The group is renowned for using fully featured malware which is often sent using phishing emails and commercially available tools. The most recent malware strain was discovered by security experts at Trend Micro, who linked the malware to APT32 due to code similarities with other malware variants known to have been utilized by the group. The malware is a MacOS backdoor that pemits the group to steal protected information such as business documents. The malware also gives the hackers the ability to download and install additional malicious programs on victim devices.

The malware is being using phishing emails that have a zip file attachment which is hidden as a Microsoft Word document. If the recipient is convinced to open the attached file, no Word document will be downloaded, but the first stage of the payload will execute in the background. The first stage changes access permissions which permits the second stage payload to be executed, which leads to the third stage of the payload that downloads and the backdoor on the database. This multi-stage delivery of the backdoor helps the malware to get around security solutions.

Safeguarding against attacks involves blocking the initial attack vector to prevent the phishing emails from being sent to end users. End user security awareness training should be supplied, and employees conditioned not to click on email attachments from unknown senders. It is also advised to ensure computers are kept fully patched, as this will limit the ability of the group to use its malware to carry out malicious actions.

Chinese TA416 APT Group Delivering New Variant of PlugX RAT

The APT collective TA416 – aka Mustang Panda/Red Delta – is running a campaign to distribute a new strain of its PlugX Remote Access Trojan (RAT). TA416 is a nation state sponsored group with strong connections to the Chinese government and has previously conducted attacks on a wide range of targets around the globe.

The group is famous for using spear phishing emails and social engineering tactics to deliver malware that allows the hackers to gain full control of an infiltrated computer. The attacks are conducted for espionage purposes; however, the malware has a wide range of capabilities. Along with stealing data, the malware can copy, move, rename, execute, and delete files, log keystrokes, and carry out other actions.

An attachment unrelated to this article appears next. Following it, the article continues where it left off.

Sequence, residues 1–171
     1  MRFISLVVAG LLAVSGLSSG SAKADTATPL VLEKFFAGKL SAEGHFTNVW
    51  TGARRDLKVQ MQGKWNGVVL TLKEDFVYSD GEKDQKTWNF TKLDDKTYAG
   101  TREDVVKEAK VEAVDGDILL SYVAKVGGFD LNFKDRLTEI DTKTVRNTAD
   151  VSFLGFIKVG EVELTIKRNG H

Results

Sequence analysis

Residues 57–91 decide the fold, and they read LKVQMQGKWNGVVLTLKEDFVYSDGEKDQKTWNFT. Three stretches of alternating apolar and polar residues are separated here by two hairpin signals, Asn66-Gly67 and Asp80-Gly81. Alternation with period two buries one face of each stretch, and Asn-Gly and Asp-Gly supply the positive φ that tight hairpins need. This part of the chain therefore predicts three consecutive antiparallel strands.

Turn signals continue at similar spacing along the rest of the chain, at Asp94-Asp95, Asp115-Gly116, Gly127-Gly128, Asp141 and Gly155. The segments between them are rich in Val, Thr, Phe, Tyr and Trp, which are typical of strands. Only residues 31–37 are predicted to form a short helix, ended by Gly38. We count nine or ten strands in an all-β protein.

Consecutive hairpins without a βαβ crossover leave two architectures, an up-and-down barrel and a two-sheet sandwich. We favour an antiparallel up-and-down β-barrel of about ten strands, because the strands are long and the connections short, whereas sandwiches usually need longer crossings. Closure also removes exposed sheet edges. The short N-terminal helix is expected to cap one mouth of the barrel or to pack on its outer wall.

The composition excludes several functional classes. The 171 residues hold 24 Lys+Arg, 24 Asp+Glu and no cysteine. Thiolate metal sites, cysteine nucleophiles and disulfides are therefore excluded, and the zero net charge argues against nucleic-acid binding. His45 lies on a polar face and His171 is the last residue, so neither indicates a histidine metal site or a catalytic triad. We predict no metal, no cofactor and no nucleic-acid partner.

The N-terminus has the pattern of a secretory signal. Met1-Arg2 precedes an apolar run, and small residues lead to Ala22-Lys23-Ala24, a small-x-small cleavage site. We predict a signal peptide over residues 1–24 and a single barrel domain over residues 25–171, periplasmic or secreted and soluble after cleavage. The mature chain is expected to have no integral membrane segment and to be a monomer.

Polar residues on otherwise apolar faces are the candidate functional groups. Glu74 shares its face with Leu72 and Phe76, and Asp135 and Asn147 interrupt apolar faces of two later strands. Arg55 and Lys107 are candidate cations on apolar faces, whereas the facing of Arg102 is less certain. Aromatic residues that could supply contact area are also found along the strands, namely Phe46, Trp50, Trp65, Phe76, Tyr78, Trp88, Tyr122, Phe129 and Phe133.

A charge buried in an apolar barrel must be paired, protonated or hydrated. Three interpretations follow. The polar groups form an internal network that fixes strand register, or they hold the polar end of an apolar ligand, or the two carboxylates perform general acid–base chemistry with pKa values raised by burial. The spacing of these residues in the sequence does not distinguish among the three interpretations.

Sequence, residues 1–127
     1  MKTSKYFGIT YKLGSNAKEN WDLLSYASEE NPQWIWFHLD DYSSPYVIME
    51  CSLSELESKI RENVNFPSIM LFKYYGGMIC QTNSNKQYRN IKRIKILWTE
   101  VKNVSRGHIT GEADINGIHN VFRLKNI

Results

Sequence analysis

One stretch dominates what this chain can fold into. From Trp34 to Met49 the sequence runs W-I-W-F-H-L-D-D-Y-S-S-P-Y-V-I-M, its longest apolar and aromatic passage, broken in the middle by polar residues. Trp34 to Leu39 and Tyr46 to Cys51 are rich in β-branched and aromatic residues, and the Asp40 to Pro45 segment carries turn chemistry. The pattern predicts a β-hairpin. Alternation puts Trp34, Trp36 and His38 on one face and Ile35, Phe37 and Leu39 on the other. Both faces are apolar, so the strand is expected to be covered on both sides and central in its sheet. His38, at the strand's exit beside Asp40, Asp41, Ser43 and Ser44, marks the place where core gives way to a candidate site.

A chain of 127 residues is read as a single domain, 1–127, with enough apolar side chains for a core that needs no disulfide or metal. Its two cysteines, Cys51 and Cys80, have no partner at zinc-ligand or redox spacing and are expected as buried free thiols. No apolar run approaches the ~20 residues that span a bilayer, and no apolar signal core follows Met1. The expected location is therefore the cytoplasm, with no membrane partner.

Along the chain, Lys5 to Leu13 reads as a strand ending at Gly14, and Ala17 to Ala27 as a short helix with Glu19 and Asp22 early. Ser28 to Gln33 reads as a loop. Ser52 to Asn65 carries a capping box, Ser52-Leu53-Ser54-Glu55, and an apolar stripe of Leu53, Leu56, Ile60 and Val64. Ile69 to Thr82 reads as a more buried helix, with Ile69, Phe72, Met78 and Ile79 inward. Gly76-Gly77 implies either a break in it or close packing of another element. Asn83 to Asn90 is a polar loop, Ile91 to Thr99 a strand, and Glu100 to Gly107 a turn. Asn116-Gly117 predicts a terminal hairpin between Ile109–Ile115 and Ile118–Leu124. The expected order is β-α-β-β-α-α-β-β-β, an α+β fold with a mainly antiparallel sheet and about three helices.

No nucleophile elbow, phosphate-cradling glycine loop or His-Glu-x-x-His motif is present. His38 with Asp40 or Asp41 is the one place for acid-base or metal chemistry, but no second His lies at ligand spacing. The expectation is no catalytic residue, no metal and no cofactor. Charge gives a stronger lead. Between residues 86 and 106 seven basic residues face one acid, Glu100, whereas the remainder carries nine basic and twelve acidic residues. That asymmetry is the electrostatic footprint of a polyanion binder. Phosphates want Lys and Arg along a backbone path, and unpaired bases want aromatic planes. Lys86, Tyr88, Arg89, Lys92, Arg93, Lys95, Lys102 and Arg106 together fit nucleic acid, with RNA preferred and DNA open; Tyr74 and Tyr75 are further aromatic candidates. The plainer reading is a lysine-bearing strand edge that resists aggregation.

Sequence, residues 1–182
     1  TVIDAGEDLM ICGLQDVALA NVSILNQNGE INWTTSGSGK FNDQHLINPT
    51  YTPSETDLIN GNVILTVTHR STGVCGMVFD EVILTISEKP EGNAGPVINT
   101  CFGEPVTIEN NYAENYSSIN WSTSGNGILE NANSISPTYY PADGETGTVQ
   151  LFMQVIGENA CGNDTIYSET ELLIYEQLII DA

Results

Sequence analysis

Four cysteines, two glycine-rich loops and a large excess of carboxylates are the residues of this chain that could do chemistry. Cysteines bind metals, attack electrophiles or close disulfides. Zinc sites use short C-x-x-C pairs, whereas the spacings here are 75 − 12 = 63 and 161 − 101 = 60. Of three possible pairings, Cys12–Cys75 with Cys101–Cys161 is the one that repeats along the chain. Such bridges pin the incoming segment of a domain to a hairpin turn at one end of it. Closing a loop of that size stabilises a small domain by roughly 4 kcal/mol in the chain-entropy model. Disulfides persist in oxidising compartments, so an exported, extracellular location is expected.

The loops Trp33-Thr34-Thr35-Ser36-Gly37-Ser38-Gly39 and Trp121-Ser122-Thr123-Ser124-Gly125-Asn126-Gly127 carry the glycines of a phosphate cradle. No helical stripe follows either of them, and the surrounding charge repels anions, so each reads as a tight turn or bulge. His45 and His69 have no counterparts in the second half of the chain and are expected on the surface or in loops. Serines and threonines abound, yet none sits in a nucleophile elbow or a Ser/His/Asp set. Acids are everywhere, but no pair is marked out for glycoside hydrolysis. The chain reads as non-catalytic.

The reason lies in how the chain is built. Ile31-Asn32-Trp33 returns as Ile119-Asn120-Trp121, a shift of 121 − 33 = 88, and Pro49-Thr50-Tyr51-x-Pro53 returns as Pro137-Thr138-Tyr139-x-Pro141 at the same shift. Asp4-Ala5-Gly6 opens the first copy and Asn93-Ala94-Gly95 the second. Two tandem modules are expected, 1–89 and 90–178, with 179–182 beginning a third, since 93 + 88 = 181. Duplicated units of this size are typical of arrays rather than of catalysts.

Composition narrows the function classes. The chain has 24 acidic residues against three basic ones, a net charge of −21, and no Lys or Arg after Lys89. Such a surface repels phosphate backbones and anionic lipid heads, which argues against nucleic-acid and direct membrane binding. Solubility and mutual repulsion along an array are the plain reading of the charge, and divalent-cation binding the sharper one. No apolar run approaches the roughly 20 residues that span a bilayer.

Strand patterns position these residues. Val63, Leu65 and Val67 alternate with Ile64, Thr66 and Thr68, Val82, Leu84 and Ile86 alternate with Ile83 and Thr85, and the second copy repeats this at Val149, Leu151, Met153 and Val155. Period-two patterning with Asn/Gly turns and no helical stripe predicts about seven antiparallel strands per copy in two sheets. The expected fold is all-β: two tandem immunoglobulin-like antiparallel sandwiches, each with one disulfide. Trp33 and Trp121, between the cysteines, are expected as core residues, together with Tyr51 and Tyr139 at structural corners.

The new campaign transmits two RAR archives, which behave as droppers for its PlugX malware. The theme of the emails in the most recent campaign are a supposed new agreement between the Vatican and the Chinese Communist Party.

The campaign was discovered by researchers at Proofpoint, who could not pinpoint the exact delivery method; however, TA416 is known to use Google Drive and Dropbox URLs in its phishing emails to sendmalicious payloads. One of the RAR files is a self-extracting archive that extracts four files and runs an Adobelm.exe file, which delivers a Golang version of the PlugX malware. The latest update to the PlugX RAT helps it evade security solutions.

Tackling the APT Threat

The tactics used by these and other APT groups to send malware are constantly changing, with phishing campaigns regularly amended to increase the likelihood of end users performing the desired action and to stop the campaigns being detected by anti-virus and anti-phishing solutions. The changes to the malware and campaigns are effective and can simply trick end users and bypass technical controls, especially signature-based antivirus solutions.

Advanced AI-based cybersecurity solutions are necessary to detect and block these threats. These solutions spot known malware variants and can also identify zero-day malware threats and never-before seen phishing campaigns. The solutions are operated by protecting against the two most witnessed attack vectors – email and the web – and stop malicious messages from reaching inboxes and block downloads of malicious files from attacker-controlled web portals.

IRS Phishing Spoof Involving Request for Outstanding Tax Payment Discovered

A recent phishing campaign has been discovered that deceived the US Internal Revenue Service (IRS) and tells recipients that their are facing immediate legal action to take back a huge tax repayment. These emails are expertly written and demand immediate payment of to prevent stop legal action. The sender claims to have attempted to call the recipient to no avail and have been forced to take legal action.

Compared to other scams, that ask for login credentials or attempt to get the user to open file attachments to trigger a malware download, this particular attack utilised social engineering techniques to frighten the receiver into making contact by email to resolve this supposed issue. This aim of the scam is to get the recipient to send money or share their financial account information.